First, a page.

HR news round-up: HR stories making the headlines 27 July 2010

A round-up of HR-related stories in today’s newspapers.

A return to 1950s-style policing was signalled by the Government on 26 July as ministers unveiled plans to recruit tens of thousands of special police constables, reports the Telegraph. Home secretary Theresa May said the number of the voluntary officers would increase more than fourfold – from the current 15,000 to the peak levels of 67,000 last seen more than 50 years ago.

Tony Hayward has resigned as chief executive of BP, after the energy giant announced a record $17bn loss this year on the Gulf of Mexico oil spill, reports the Telegraph. The oil company also said that Bob Dudley, the American in charge of BP’s oil spill response unit, will take over on October 1 and lead the company through an accelerated programme of $30bn in asset sales.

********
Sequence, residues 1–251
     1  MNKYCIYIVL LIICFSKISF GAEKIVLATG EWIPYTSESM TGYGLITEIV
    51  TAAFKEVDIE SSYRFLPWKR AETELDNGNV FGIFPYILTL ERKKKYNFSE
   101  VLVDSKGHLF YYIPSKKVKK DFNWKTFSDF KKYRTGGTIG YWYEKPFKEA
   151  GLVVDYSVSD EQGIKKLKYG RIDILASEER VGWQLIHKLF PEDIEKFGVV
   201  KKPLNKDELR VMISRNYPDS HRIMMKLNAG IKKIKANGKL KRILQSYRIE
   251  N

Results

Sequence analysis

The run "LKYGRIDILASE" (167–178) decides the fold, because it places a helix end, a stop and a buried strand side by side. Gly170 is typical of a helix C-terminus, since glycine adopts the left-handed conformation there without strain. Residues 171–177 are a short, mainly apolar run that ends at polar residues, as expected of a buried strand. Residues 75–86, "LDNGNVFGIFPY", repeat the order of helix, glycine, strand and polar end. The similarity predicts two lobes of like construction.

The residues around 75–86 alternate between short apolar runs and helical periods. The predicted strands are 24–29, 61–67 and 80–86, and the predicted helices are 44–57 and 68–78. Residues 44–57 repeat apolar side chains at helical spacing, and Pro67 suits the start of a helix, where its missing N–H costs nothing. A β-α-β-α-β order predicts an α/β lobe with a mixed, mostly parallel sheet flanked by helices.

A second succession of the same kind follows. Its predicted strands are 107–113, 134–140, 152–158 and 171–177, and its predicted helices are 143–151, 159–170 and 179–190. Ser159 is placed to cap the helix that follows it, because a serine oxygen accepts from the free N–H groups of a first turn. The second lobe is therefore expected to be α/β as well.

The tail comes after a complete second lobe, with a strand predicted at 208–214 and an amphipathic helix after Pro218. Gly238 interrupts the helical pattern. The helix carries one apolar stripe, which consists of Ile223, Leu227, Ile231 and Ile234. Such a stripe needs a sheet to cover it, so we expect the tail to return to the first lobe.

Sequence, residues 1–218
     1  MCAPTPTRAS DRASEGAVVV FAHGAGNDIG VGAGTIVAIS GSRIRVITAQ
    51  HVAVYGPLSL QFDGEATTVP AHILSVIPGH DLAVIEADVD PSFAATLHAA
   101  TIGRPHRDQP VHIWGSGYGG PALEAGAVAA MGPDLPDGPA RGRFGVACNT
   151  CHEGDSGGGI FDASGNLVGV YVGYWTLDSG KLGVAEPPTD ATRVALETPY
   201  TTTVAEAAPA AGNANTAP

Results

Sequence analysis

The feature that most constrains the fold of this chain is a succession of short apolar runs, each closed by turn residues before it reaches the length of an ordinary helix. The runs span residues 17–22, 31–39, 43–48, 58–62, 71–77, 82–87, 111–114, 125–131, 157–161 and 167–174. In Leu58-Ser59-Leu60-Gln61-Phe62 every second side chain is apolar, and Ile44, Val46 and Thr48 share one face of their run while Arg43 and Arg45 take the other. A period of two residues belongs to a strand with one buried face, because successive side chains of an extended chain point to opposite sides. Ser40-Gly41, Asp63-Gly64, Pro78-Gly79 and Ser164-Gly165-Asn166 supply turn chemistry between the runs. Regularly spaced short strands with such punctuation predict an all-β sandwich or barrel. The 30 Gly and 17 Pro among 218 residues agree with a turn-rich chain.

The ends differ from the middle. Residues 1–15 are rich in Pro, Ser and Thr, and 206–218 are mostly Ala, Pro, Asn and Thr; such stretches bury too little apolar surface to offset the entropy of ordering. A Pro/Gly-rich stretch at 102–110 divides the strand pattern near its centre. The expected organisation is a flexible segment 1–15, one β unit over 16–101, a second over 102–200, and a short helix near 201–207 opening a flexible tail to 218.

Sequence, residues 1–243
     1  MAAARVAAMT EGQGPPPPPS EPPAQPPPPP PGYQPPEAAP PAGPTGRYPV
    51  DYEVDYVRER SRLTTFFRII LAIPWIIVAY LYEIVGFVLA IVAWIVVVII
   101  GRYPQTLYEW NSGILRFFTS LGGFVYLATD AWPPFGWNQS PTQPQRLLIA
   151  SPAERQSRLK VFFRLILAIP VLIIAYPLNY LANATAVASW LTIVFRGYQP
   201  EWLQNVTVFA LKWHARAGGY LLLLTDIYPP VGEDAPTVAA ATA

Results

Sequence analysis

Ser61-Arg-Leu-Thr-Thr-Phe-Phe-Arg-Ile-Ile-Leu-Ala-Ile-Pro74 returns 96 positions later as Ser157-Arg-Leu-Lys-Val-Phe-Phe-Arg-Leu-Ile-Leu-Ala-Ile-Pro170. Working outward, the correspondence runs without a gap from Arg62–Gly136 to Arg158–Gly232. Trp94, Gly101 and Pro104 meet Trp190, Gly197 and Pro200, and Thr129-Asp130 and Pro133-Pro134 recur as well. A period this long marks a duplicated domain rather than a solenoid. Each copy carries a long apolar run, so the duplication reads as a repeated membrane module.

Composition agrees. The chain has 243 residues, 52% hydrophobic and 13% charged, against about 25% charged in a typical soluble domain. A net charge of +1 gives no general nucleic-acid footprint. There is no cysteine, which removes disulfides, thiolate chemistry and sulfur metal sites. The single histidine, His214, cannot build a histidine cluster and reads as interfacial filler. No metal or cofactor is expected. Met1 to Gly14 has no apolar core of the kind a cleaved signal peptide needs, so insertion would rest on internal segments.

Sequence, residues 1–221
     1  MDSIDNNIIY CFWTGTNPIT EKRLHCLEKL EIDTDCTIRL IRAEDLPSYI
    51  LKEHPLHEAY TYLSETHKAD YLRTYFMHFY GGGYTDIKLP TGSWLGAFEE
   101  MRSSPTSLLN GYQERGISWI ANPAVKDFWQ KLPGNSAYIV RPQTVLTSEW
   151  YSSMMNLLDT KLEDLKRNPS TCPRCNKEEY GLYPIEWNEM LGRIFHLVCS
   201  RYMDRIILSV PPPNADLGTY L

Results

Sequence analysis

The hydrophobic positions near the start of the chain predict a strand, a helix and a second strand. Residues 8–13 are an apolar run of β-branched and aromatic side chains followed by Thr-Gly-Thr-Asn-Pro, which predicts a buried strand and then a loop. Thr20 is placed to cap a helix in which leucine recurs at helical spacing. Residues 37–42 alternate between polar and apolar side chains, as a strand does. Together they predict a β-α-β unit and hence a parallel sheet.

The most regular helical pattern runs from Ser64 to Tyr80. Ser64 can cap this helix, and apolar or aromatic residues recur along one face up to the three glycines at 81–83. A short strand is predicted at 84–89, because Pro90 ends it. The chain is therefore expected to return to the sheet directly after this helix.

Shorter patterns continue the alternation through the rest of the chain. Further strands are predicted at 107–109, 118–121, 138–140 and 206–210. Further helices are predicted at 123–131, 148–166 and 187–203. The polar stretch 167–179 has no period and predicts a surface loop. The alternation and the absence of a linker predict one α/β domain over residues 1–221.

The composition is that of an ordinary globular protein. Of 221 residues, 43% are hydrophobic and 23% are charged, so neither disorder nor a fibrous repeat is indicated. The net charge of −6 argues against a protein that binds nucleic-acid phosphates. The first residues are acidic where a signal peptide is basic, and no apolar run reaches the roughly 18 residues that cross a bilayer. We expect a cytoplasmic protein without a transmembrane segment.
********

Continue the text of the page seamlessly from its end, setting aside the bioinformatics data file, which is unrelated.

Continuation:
Banks should be “very, very self-conscious” about how they reward staff and investors, business secretary Vince Cable has cautioned. The minister has issued a clear warning to the City that the Government would be carefully scrutinising bonuses and dividend payouts, just days before the major high street banks begin publishing their latest profit figures, according to the Guardian.

The directors of the agency set up to manage the Government’s stakes in Britain’s part-nationalised banks have agreed to take a 5% pay cut as public-sector spending is slashed, reports the Independent. Sir David Cooksey, the chairman of UK Financial Investments (UKFI), said it was focusing hard on cutting its costs, which would be “substantially below” the targets in its business plan.

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